After microblading, the skin goes through a healing process, and it needs some special attention in order to recover properly, without any complications, and to be able to retain as much pigment as possible.
Since the treatment implies making tiny cuts on the surface of the skin, the area is at risk of contamination and subsequent infection. Once the scabbing stage starts, the pigments can easily be pulled out if you’re not super careful.
Every artist has their holy grail aftercare routine they claim ensures the best results for their clients. So the debate persists – which is better microblading aftercare, dry healing or wet healing?
Today, we’re focusing on microblading dry healing.
What Is Microblading Dry Healing Like?
Dry healing microblading means the client isn’t supposed to apply any product onto the brow area until it’s healed. They are only supposed to clean the area with sterile water and a very mild soap in order to remove the built-up lymph and dirt.
This means the client has very little responsibility, apart from following the cleaning schedule, and avoiding certain activities. They only have to remember to not touch or scratch the area, and to keep it away from any unsterile surface that could potentially cause contamination.
What’s Wet Healing Like?
Wet healing adds a moisturizing aftercare ointment to the cleaning schedule. The client is prescribed a cream, gel or balm they’re supposed to apply to their brows a couple of times a day, or after every cleaning/washing. The balm acts as a protective barrier and moisturizes the area, which leads to minimal to no scabbing.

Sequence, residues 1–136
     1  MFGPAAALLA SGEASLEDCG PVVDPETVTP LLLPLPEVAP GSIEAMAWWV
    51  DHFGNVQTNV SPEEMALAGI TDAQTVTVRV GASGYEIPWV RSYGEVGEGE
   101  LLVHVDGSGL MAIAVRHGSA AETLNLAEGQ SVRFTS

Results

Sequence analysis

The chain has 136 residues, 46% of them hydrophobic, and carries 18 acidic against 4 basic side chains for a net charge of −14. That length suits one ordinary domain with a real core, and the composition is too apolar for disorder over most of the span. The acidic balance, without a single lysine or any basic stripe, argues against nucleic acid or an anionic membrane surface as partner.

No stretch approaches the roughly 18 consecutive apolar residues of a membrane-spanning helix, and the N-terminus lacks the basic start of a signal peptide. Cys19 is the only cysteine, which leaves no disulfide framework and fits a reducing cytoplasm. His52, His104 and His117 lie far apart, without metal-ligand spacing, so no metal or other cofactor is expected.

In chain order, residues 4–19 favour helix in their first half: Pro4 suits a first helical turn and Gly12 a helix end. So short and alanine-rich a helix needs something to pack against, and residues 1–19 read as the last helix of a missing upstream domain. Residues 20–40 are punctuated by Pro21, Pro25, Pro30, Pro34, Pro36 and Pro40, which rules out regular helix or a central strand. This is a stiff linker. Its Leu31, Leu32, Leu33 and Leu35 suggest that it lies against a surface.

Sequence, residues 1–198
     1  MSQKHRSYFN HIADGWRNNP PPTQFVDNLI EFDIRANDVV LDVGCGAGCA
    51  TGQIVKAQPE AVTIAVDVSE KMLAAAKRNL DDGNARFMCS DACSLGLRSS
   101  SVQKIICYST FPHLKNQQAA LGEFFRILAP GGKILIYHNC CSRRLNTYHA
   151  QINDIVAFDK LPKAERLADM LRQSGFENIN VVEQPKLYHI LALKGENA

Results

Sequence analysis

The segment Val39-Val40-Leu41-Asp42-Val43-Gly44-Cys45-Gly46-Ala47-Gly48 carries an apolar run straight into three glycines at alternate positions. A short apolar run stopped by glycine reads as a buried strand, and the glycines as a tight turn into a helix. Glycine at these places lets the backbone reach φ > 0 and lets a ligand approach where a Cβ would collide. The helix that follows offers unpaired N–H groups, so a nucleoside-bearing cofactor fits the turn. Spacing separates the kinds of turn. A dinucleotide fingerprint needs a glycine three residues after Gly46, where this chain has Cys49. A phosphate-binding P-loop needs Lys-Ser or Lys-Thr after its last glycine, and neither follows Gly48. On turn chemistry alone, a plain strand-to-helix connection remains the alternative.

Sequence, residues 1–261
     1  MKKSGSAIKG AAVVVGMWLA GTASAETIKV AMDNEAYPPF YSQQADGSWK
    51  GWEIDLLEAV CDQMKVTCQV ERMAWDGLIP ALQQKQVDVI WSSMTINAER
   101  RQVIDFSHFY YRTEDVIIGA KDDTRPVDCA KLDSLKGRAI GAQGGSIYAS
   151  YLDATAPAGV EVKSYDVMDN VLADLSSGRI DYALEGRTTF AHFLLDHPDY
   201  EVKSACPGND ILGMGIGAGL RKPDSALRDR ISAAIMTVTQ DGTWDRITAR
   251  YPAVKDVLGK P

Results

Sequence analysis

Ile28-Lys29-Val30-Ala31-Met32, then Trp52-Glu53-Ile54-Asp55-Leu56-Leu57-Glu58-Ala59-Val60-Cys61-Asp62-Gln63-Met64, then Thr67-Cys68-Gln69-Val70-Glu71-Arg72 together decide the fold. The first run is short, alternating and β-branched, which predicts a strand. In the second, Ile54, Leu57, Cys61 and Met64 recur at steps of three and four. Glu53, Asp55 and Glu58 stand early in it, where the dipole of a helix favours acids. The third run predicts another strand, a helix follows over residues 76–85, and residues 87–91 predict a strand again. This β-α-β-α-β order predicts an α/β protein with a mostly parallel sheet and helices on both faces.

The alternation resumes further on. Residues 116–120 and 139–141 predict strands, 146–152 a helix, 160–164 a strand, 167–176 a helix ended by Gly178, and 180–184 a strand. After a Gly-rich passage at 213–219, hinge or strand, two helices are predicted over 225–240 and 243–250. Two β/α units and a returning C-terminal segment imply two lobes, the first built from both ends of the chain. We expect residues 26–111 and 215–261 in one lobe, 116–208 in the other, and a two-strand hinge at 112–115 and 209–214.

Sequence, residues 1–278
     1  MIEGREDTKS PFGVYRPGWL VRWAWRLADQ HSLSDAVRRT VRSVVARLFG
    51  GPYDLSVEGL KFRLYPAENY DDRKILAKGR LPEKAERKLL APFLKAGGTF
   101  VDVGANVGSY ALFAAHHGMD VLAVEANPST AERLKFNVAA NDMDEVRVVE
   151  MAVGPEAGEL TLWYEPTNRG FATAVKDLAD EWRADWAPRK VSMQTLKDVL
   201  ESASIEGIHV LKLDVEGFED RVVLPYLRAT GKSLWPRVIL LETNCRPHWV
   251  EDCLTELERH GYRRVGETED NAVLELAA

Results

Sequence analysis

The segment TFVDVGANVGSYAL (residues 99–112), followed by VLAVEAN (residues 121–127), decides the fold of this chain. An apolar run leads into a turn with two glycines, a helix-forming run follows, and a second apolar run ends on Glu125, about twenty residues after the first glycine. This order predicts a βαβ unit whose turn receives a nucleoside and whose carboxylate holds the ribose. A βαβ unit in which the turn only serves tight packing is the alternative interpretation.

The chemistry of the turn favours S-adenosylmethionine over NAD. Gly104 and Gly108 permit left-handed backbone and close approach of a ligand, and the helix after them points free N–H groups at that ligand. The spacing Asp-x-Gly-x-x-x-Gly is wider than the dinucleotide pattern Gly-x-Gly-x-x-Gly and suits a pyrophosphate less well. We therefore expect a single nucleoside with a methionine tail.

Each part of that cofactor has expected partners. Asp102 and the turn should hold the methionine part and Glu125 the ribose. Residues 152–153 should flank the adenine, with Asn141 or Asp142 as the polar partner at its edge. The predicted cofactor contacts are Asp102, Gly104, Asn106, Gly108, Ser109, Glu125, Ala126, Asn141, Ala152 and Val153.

Microblading Dry Healing Day by Day
Here’s a general timeline of dry healing microblading. Bear in mind that these are just general guidelines which can be adjusted according to skin type and environmental conditions (how humid the area is):
Day of the Treatment
Clean the brows every 1-2 hours with a cotton pad dampened with warm, sterilized (boiled) water.
Some artists prescribe aftercare wipes instead.
Whatever the case, the lymph that keeps oozing on the day of the treatment has to be cleaned off and not allowed to dry up. If the lymph isn’t cleaned off, it builds up and dirt and bacteria get stuck in it, putting the wound at great risk of infection.
Only blotting is allowed – rubbing will extract the pigment.
Days 1 – 14
Clean the brows as described 2-3 times a day.
Don’t apply any product on them until the peeling ends.
What to Avoid During Healing
- Getting the brows wet outside of cleaning
- Any products in the area
- Sunlight exposure
There’s a product on the market called liquid bandage. It’s a formula which dries into a super thin, filmy barrier on the brows and protects the open wound.
More and more artists have been using it as the first step in microblading dry healing. They cover the clients’ brows with it after the treatment, the film is left on for a certain time, and after that, the regular dry healing routine continues. The liquid bandage doesn’t only protect the area, but it also absorbs the excess lymph, meaning there’s no need for cleaning as long as it’s on.
What Are the Benefits of Microblading Dry Healing?
When it comes to microblading aftercare dry healing is definitely a conversation starter. Some artists swear by it, while others discard it as outdated and claim the industry has evolved past dry healing microblading.
Let’s see what artists who prescribe microblading dry healing highlight as its benefits: